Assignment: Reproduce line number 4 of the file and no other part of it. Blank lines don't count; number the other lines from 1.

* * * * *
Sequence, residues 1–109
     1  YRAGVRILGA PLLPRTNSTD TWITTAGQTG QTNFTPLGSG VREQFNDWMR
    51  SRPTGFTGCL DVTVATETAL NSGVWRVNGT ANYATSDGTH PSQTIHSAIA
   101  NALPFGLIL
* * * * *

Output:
   101  NALPFGLIL